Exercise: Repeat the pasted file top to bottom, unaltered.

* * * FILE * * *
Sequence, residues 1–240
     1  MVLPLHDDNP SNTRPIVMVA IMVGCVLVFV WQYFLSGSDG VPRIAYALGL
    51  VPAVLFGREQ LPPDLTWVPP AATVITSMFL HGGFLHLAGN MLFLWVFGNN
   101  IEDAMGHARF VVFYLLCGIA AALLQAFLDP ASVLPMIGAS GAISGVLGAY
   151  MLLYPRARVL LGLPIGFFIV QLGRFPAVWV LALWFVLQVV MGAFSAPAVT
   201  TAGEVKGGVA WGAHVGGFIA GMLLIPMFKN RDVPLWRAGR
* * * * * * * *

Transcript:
Sequence, residues 1–240
     1  MVLPLHDDNP SNTRPIVMVA IMVGCVLVFV WQYFLSGSDG VPRIAYALGL
    51  VPAVLFGREQ LPPDLTWVPP AATVITSMFL HGGFLHLAGN MLFLWVFGNN
   101  IEDAMGHARF VVFYLLCGIA AALLQAFLDP ASVLPMIGAS GAISGVLGAY
   151  MLLYPRARVL LGLPIGFFIV QLGRFPAVWV LALWFVLQVV MGAFSAPAVT
   201  TAGEVKGGVA WGAHVGGFIA GMLLIPMFKN RDVPLWRAGR